Rohrabacher: U.S. Should Shoot Down North Korean Missiles

WASHINGTON – Rep. Dana Rohrabacher (R-Calif.) on Tuesday recommended that U.S. military forces shoot down the next round of test missiles fired by North Korea.

“I hope that the next time the North Koreans decide to launch a rocket over our ally Japan, I would hope that we shoot it down as a message to North Koreans and other people in Japan who are counting on us, and unless we demonstrated that we’re willing to use force, there’s no reason for them to believe we will,” Rohrabacher said during a House Foreign Affairs Committee hearing, while also suggesting the U.S. carry out attacks against North Korea.

North Korea has fired 21 missiles in 14 different tests since February, including an Aug. 29 launch over northern Japan – a test in which the North Korean regime threatened to target waters near U.S. territory in Guam. That’s not counting a new report today from the South Korean military that the North test-launched another missile, which flew east of Pyongyang nearly 2,300 miles and passed over Japan.

The UN Security Council this week agreed on what it described as the toughest sanctions ever levied against North Korea, with unprecedented limits on oil imports and textile exports. U.S. ambassador to the United Nations Nikki Haley said the latest Security Council resolution is an attempt to cut off financing for Kim Jong-un’s intercontinental ballistic missile program.

Rohrabacher said on Tuesday that sanctions alone will have no impact on a regime that has no issue with murdering its own family members. Rep. Brad Sherman (D-Calif.) made similar remarks during the hearing, saying that he has watched 20 years of administrations conceding to North Korea while the reclusive county’s GDP has grown by more than 50 percent. The focus, he said, should be on individuals, banks and corporations in China that have subsidized North Korea’s bad behavior.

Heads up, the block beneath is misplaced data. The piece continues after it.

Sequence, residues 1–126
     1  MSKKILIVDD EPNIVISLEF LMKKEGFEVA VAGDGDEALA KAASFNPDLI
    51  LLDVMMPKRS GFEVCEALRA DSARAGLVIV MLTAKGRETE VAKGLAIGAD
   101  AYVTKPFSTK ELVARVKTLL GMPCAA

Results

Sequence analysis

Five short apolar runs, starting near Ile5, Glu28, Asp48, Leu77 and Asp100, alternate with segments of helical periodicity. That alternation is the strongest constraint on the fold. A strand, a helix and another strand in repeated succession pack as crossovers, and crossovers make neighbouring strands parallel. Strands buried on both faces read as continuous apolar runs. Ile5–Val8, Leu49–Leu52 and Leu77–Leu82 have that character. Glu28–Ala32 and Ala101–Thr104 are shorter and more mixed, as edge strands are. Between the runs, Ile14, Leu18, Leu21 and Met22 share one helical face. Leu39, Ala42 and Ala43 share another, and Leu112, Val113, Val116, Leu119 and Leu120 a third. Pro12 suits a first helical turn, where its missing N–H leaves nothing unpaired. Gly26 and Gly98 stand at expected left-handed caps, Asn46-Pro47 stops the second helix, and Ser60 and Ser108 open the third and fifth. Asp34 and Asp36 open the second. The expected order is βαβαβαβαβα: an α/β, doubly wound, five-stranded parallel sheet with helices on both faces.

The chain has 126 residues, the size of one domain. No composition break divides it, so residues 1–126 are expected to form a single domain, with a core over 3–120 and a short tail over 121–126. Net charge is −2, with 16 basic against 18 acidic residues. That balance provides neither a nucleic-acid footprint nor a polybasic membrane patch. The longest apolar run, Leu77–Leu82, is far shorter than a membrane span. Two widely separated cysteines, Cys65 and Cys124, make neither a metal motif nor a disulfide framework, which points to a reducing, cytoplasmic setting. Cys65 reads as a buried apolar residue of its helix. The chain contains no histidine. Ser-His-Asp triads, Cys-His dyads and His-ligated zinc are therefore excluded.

“We don’t threaten China even a little bit with country sanctions because that would be politically difficult for the United States to do,” Sherman said, while asking State Department and Treasury Department officials if there is a plan in place to impose sanctions on China. The Security Council resolution was reached after concessions were made to avoid veto threats from Russia and China.

Marshall Billingslea, assistant secretary for Treasury’s Office of Terrorism and Financial Intelligence, agreed with Sherman that China is the “center of gravity” for North Korean economic progress.

“I cannot tell the committee today that we’ve seen sufficient evidence of China’s willingness to truly shut down North Korean revenue flows, to expunge North Korean illicit actors from its banking system or to expel the various North Korean middlemen and brokers who are continuing to establish webs of front companies,” Billingslea said. “We need to see that happen.”

Chairman Ed Royce (R-Calif.) said that Sherman was asking the “bottom-line” questions in asking for information on China. Royce said that China clearly knows that North Korea’s coal industry has been circumventing international sanctions and that Chinese banks are not willing to comply.

“This is where the discussion needs to go next if there isn’t full compliance with the sanctions the UN has passed,” Royce said. “Because what’s at risk is our national security, and there’s only one way to shut a program down with a country like North Korea that doesn’t have its own revenues.”

“For 20 years, we’ve talked about company sanctions, instead of country sanctions,” Sherman said. “For 20 years, China has carried out a policy where they smile at us, but they’ve done enough with North Korea so that their GDP is 50 percent higher in real terms. That’s much better economic growth than we’ve achieved, so the sanctions have not prevented a high level of economic growth.”